Loyola University Maryland is receiving a $1.5 million grant from the John Templeton Foundation to support a project on “Building Foundations in Science-Engaged Theology: Insights from Philosophy of Science.”
Meghan Page, assistant professor of philosophy, was awarded the grant for her three-year project.
“I am very excited for this project and the opportunity to bring together philosophers of science and theologians, both of whom hold unique perspectives on understanding the richness and complexity of the natural world,” said Page, who has been at the university since 2015. “Loyola will make an excellent host institution for this grant, as it exemplifies the Ignatian values of wonder, curiosity and the pursuit of truth in all intellectual endeavors.”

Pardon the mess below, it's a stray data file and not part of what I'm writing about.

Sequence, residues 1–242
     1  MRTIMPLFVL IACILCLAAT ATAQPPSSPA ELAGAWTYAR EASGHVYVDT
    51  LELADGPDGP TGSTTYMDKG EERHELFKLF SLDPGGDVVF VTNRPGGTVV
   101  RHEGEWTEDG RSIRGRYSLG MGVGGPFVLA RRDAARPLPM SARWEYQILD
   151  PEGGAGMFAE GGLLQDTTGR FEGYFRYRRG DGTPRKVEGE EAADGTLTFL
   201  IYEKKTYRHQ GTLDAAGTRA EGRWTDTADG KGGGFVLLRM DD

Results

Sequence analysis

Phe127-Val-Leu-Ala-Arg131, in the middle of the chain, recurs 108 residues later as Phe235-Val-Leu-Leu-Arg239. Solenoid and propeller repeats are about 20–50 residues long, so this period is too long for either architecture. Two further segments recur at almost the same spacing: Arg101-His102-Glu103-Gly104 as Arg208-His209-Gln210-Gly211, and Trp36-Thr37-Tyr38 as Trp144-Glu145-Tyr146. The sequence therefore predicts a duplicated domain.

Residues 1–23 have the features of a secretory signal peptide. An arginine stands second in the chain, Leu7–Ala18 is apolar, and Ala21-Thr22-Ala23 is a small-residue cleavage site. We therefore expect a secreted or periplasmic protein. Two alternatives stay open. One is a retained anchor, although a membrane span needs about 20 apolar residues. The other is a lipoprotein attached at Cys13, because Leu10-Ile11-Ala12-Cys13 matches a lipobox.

In addition to funding development of research in the space, the grant funds a series of summer seminars that explore how scientific concepts can be applied to questions about the nature of the divine, its role in the world, the extent of human freedom, and the shape and structure of the natural order. The seminars are geared to mid-career theologians and philosophers of religion.
Susan is an author with a long-time interest in religion and science. She currently edits Covalence, the Lutheran Alliance for Faith, Science and Technology’s online magazine. She has written articles in The Lutheran and the Zygon Center for Religion and Science newsletter. Susan is a board member for the Center for Advanced Study of Religion and Science, the supporting organization for the Zygon Center and the Zygon Journal. She also co-wrote Our Bodies Are Selves with Dr. Philip Hefner and Dr. Ann Pederson.